What It Will Take to Rebuild and Sustain the Military

The House Armed Services Committee and its Senate counterpart have finally passed their respective versions of the 2020 National Defense Authorization Act, with the House coming in at $733 billion and the Senate matching, in general terms, the Trump administration’s request for $750 billion.

While the $17 billion difference between the two is a significant amount of money on its own, it represents a mere 2% or so in the context of the overall defense budget, and therefore should be easily reconciled in conference committee negotiations—were it not for the significant difference of opinion on defense that it represents between the bipartisan (25-2) Senate bill and Democrat-crafted (33-24) House bill. 

In
either case—$733 billion or $750 billion—the defense budget is a lot of money. But
is it enough? Or too much?

Well, that depends on what one thinks either amount of money buys in military capability and how that relates to the ability of our military to fulfill its mission—namely, to defend our country, our citizens, and our interests worldwide.

In
the work we do here at
The Heritage Foundation, we try to convey what it takes to have a military that
is up to the task of winning in combat, especially when facing a major
competitor.

Our
nation expects its military to be relevant, competent, and effective—not simply
something to be kept at home as a force in name only.

But
that doesn’t mean it should be casually committed to action, or policies
adopted that are effectively “checks” written that our military might have to “cash,”
without understanding what such a commitment actually means in implementation.

Further,
our military shouldn’t be committed without having been given the proper
resources for equipping, training, and sustaining readiness over time.

Unfortunately,
our country has gotten used to hearing about our military conducting operations
in foreign lands that can be handled by the relatively small force we have and
at a very low cost in casualties, historically speaking.

Operations since the terrorist attacks of Sept. 11, 2001, have been against irregular forces that do not possess navies, air forces, armor or artillery, or really any capability that a large state power would bring to a war.

There’s a danger in thinking our military can execute its full mission with a fraction of the resources that are actually needed in those circumstances.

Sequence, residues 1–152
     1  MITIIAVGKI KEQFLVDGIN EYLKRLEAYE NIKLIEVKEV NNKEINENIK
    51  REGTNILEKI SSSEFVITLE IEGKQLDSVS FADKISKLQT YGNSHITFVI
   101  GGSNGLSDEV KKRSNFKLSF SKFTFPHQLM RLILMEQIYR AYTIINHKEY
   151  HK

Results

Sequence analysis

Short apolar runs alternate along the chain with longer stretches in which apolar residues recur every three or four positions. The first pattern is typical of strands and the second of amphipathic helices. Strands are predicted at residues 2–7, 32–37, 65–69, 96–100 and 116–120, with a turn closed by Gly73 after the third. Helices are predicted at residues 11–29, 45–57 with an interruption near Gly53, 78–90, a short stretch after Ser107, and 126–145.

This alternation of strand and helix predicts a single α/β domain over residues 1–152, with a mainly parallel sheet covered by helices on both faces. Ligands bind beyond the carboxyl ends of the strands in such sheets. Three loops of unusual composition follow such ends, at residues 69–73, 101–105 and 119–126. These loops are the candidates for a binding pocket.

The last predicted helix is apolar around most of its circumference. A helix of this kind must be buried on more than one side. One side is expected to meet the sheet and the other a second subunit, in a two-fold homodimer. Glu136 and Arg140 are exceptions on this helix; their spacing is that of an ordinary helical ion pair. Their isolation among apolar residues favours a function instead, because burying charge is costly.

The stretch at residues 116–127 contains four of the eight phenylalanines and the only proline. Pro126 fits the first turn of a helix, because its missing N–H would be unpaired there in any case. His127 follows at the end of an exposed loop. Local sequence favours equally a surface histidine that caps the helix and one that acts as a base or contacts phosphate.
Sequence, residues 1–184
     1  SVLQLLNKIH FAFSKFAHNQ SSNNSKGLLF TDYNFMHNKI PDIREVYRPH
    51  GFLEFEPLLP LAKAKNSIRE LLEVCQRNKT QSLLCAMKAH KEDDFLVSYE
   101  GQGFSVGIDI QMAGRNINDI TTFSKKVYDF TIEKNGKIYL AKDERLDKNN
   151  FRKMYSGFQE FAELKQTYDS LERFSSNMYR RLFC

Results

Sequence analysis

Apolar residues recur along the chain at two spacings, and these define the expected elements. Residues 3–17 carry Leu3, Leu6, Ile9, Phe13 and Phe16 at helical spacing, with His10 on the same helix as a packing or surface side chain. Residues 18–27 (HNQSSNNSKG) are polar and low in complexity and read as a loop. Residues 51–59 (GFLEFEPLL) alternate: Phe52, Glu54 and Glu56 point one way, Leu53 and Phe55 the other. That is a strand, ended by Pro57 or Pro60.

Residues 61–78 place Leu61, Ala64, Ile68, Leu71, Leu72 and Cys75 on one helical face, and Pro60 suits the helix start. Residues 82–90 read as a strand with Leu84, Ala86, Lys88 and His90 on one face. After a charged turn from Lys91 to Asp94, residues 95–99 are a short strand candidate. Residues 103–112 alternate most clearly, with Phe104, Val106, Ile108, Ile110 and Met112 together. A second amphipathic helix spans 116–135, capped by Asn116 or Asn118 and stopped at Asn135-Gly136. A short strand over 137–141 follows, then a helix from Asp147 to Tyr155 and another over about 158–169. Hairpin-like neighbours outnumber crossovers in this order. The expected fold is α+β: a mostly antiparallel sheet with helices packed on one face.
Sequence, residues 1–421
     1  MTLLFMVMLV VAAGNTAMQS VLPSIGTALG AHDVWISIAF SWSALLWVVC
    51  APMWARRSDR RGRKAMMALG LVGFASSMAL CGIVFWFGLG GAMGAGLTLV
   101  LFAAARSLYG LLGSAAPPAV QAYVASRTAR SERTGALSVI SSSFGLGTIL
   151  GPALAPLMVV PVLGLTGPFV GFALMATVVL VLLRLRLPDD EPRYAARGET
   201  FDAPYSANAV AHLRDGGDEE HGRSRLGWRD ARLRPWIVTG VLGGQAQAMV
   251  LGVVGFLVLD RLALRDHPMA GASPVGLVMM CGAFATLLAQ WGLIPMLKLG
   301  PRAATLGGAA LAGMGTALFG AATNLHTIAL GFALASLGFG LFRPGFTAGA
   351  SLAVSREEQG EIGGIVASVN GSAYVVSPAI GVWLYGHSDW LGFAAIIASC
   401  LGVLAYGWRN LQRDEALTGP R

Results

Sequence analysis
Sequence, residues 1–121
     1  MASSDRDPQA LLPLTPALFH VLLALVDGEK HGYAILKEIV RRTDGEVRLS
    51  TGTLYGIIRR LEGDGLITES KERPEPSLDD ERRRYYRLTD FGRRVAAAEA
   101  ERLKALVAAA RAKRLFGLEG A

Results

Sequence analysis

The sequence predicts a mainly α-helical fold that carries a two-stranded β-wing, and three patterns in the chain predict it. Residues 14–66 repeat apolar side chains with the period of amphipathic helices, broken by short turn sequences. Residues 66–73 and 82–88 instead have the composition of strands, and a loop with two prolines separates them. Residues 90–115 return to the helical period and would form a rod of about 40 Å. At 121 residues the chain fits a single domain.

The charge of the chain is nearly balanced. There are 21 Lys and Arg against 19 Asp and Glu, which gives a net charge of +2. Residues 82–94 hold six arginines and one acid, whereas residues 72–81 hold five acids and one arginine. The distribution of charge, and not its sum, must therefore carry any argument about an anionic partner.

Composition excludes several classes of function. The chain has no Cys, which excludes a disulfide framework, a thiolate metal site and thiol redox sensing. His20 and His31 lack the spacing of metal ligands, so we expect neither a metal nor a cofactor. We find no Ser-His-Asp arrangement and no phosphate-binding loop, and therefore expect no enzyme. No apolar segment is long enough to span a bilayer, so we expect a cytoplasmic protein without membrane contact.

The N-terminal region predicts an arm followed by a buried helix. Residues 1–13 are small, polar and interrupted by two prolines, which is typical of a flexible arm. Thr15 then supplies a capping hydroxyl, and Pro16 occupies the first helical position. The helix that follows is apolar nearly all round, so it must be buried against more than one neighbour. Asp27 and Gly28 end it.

In
the 1980s, when the U.S. opposed the Soviet Union on a global stage, our Navy
had roughly 580 ships, our pilots flew more than 220 hours a year to maintain
their skills, and our Army had 780,000 soldiers on active duty.

We
maintained U.S. forces in substantial numbers in many countries around the
world to demonstrate solidarity with allies, to mitigate the challenges of time
and space in key regions thousands of miles from the U.S., and to more
effectively deter opportunistic behavior from the Soviet Union or anyone else
who might think to impose their will on their neighbors.

Today,
we and our interests—which include those of key allies—are challenged by Russia
and China, regionally by Iran, and more locally by North Korea
.

We
are pressed by the destabilizing influences of terrorist groups and dysfunctional
regimes in the Americas, Africa, and the Middle East that weaken security and
stability in their respective neighborhoods, while many of our allies and
partners have chosen to woefully underfund their own defense capabilities and
are thus less able to contribute to securing mutual interests.

Yet in comparison with the global competition of the 1980s, our Navy now has 287 ships, our pilots flew an average of less than 120 hours this past year, our Army has fewer than 480,000 soldiers, and our presence overseas has been reduced to bare minimums.

Whereas we used to invest between 5% and 6% of gross domestic product in national defense, we now average less than 3.5%, while the cost of manpower alone consumes roughly 60% of service budgets.

In
short, it is a challenge to convey to policymakers—and to the public—the
current status of U.S. military power and how it relates to the nature and
demands of “great-power competition,” for which our competitors are making
serous investments.

We have a lot of ground to make up after a quarter-century of underinvestment, consumption of existing military capabilities in operations since 2001, and an explosion of debt-based spending on very popular entitlements that will be hard to roll back, and which will make it ever harder to increase spending on defense—one of the few things our government is actually obligated to do.

To regain the capabilities, capacity, and readiness it needs to do the job it must do, our military needs the sort of sustained investment and support recommended by former Secretary of Defense James Mattis and echoed by the president and various members of Congress who know that defense budget volatility, continuing resolutions, and underinvestment will lead to a weaker America, emboldened competitors, dismayed allies, and core interests placed at risk.

Our country and our military deserve better.

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